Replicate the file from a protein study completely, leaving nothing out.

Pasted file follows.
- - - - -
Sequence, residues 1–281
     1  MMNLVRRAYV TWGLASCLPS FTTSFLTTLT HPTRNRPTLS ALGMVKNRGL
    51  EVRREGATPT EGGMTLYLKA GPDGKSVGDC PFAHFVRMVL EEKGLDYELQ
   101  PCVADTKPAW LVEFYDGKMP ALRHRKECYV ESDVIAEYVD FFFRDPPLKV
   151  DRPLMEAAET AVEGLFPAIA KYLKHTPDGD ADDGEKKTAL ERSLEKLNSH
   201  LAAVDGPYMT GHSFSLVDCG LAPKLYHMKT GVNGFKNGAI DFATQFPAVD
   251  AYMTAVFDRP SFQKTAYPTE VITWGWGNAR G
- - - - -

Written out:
Sequence, residues 1–281
     1  MMNLVRRAYV TWGLASCLPS FTTSFLTTLT HPTRNRPTLS ALGMVKNRGL
    51  EVRREGATPT EGGMTLYLKA GPDGKSVGDC PFAHFVRMVL EEKGLDYELQ
   101  PCVADTKPAW LVEFYDGKMP ALRHRKECYV ESDVIAEYVD FFFRDPPLKV
   151  DRPLMEAAET AVEGLFPAIA KYLKHTPDGD ADDGEKKTAL ERSLEKLNSH
   201  LAAVDGPYMT GHSFSLVDCG LAPKLYHMKT GVNGFKNGAI DFATQFPAVD
   251  AYMTAVFDRP SFQKTAYPTE VITWGWGNAR G